If the power went up you would have created a device with greater than 100% efficiency, aka a perpetual motion machine. In any conversion scheme power in will always be greater than power out. Do you want to buy one or build one?Originally posted by demonkid@Mar 27 2006, 12:21 AM
ok i want to convert 36volt @ 9 watts to 12 volt's
where would i get a converter at and 1 more ?
if i did convert the 36 volt to 12 volt wouldent the amount of watts go up also since i am
going down in voltage.
thx in advance.
Originally posted by Gadget@Mar 27 2006, 06:14 AM
Lets assume your talking DC voltage here....
I also think you may mean "Amps" or current, not the "watts" going up.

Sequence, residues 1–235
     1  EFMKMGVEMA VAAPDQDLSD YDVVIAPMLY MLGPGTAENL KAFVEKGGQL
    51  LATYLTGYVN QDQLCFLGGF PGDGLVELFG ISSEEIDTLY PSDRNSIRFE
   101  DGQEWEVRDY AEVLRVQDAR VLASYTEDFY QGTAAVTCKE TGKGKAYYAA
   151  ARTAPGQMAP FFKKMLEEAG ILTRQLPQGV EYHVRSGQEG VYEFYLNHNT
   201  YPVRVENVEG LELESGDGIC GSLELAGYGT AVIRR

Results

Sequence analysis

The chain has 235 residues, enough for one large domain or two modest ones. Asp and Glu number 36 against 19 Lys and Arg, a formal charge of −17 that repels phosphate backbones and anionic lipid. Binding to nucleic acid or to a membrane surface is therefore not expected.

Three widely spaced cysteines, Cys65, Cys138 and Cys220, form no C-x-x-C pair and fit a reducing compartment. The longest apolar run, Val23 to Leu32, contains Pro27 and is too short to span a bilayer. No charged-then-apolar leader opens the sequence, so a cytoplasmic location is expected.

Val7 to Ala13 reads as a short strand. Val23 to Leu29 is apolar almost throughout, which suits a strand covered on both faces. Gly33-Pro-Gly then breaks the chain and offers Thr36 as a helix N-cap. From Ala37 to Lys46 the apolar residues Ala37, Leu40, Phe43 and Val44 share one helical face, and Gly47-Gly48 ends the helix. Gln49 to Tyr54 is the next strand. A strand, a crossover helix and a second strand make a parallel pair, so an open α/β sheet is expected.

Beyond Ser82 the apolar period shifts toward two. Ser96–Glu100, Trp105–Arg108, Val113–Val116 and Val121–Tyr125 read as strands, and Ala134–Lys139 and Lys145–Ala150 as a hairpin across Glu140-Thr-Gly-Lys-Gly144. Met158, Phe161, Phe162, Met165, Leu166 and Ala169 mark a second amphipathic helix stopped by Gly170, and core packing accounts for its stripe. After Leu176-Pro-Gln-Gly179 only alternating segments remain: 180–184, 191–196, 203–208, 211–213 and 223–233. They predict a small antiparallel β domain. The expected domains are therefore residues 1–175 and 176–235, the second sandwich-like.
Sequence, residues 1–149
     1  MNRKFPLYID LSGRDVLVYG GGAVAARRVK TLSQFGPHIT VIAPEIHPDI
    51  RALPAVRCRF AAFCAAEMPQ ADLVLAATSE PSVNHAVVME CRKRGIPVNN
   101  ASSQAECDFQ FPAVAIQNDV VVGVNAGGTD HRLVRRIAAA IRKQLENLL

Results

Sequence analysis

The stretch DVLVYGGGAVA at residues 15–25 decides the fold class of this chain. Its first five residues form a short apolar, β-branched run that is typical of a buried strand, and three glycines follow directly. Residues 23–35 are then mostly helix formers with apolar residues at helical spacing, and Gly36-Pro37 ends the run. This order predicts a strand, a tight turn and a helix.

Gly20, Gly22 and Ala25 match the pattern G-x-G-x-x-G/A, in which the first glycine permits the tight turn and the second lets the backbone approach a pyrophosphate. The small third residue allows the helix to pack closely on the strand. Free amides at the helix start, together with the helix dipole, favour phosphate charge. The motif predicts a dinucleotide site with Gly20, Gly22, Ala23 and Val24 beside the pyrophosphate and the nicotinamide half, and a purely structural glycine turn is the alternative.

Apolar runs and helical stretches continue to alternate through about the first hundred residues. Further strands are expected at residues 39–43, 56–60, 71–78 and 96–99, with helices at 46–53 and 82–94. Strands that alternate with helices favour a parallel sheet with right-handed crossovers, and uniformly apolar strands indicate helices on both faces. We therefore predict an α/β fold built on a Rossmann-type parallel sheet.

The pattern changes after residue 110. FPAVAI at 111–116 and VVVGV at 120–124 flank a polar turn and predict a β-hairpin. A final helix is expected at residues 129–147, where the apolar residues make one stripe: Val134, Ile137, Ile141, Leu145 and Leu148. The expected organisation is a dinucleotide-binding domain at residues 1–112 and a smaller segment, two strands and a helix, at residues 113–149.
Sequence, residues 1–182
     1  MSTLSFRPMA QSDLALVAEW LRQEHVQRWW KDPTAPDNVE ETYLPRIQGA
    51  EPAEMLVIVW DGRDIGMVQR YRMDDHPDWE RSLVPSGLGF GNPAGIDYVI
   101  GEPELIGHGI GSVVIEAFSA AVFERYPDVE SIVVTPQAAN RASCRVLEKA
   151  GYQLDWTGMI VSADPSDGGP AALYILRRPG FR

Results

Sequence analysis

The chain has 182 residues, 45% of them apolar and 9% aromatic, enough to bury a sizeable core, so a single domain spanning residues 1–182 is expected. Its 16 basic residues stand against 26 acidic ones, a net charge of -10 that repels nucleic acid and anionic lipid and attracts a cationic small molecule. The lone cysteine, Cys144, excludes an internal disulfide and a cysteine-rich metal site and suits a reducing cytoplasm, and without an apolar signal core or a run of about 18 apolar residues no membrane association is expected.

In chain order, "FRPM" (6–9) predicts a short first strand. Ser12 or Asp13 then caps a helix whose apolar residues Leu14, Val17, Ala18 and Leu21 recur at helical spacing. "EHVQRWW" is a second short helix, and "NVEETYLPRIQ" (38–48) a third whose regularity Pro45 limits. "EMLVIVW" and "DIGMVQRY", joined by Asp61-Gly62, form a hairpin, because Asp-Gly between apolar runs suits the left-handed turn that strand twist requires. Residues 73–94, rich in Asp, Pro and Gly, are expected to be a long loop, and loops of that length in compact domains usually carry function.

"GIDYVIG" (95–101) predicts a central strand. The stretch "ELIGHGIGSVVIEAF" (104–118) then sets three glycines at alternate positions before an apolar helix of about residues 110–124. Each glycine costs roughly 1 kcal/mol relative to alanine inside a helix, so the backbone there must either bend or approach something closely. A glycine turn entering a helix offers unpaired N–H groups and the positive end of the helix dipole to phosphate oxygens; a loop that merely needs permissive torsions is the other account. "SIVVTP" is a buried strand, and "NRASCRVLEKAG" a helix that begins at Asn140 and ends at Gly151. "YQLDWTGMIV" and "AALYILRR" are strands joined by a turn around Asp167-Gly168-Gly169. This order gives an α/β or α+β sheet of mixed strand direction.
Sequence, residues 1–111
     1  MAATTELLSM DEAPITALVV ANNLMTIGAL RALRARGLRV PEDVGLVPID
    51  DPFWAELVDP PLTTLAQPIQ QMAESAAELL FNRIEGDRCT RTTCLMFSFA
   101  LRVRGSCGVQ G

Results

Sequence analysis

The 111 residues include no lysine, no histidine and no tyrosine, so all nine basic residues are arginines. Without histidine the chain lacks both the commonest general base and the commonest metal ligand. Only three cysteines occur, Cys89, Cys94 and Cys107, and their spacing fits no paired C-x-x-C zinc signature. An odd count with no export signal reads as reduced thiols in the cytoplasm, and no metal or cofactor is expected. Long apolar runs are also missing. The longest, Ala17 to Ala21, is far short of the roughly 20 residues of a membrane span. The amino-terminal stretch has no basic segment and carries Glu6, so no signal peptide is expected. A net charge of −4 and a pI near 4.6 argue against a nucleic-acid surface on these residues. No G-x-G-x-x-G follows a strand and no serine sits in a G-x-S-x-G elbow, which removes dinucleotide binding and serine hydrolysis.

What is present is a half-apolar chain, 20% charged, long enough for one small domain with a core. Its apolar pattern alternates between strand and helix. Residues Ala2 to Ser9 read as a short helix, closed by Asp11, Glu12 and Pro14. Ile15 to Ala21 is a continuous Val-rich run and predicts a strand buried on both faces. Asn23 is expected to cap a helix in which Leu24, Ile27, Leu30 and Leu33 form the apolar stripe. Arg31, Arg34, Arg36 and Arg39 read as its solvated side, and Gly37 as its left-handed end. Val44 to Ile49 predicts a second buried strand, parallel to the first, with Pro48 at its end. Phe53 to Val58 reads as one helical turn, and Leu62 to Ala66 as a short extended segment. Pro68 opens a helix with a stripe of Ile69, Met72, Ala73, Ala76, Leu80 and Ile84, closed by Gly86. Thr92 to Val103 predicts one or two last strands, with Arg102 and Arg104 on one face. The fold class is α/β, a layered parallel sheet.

If you use a Switch Mode regulator/converter, then yes, you should end up with more current, and only a slight reduction in the "Wattage" (i.e high efficiency, low power loss).
If you use a linear regulator such as the 7812 then you will get no increase in current, as 2/3 of your "Wattage" (Power) will be wasted as heat in the regulator. It will get real hot, and need to be mounted on a heatsink so that all that wasted power can be used to warm up the box it's all mounted in... i.e. it will be Inefficient, and with 36v going into it, will be running at (or possibly above) it's maximum ratings.
thx and could you give me the links to the web sites? i'll google them but if i cant find them i wanna have something to come back toOriginally posted by windoze killa@Mar 27 2006, 05:24 PM
Powerbox, Amtex and Lambda all produce modules that do exactly what you want. Havwe a look at their web sites.
by Jake Hertz
by Jake Hertz